I am the first to complain about non-stop music in supermarkets, airport terminals, and doctor's surgeries. So I was rather chastened to find a historical precedent from a monastic order no less.
The acoemeti were 5th century monks who provided non-stop choral singing. This was achieved using a relay system with a fresh monk replacing an exhausted monk every few hours. There is a mention of the Pope having heard the akoimetoi in Constantinople in the late 5th century. The name acoemeti comes from the Greek akoimetoi, meaning sleepless.
So the next time you complain about the background Kenny G as the Starbucks barista prepares your cappuccino grande, remember you may be messing with a fifteen hundred year old tradition.
And mentioning monks and coffee, do you know how cappucino got its name? Well actually no one knows for sure. But the most popular theory is that the name comes from the Capuchin order of friars who played an important role in restoring Catholicism to Reformation Europe. The friars' robes were light brown, and their name came from the long, pointed brown cowl they wore. (Cappuccio is the Italian for hood) The first recorded use of the word cappuccino in English is in 1948, and its origin is unproven. But surely it is no coincidence that a properly prepared cappuccino leaves a brown ring round the rim of the cup which closely resembles the outline of a monk’s cowl?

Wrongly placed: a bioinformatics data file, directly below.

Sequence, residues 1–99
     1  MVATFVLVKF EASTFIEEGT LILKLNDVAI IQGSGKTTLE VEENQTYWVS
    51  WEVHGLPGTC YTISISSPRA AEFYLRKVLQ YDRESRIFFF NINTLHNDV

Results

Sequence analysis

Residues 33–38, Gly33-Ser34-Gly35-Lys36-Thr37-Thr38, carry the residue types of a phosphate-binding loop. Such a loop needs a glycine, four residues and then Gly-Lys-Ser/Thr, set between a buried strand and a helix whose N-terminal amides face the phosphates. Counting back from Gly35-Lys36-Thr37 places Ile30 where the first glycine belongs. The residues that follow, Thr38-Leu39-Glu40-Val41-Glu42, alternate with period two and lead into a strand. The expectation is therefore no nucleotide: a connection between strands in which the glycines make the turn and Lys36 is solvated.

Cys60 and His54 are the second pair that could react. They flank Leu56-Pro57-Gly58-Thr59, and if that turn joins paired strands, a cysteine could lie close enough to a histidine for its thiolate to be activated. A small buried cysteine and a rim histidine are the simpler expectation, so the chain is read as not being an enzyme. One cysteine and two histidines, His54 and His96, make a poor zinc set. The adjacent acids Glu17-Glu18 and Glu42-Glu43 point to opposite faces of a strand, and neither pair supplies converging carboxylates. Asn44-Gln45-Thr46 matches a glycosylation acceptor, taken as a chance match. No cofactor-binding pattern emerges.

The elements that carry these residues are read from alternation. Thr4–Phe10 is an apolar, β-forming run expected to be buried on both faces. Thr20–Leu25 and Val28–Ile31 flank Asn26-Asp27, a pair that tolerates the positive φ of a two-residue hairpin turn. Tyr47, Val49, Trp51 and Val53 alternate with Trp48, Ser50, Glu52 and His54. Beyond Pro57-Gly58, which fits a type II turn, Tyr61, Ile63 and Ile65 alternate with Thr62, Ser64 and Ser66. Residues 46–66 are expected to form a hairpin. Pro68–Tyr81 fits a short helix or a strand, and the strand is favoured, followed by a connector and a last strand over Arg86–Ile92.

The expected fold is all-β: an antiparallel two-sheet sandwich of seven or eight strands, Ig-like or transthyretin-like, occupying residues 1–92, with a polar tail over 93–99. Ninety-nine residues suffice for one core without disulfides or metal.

The overgrown path to the akoimetoi and cappuccino came from the excellent The Know-It-All by A.J.Jacobs (publisher Simon & Schuster, ISBN 9780743250627). For more excerpts follow this link. I have only read the first thirty pages so far, but I've also learnt that the abalone is a species of snail with five anuses. Which presumably means they pick up a lot of literary awards.
Picture credit: Christis
If you enjoyed this post take an overgrown path to Lost in Translation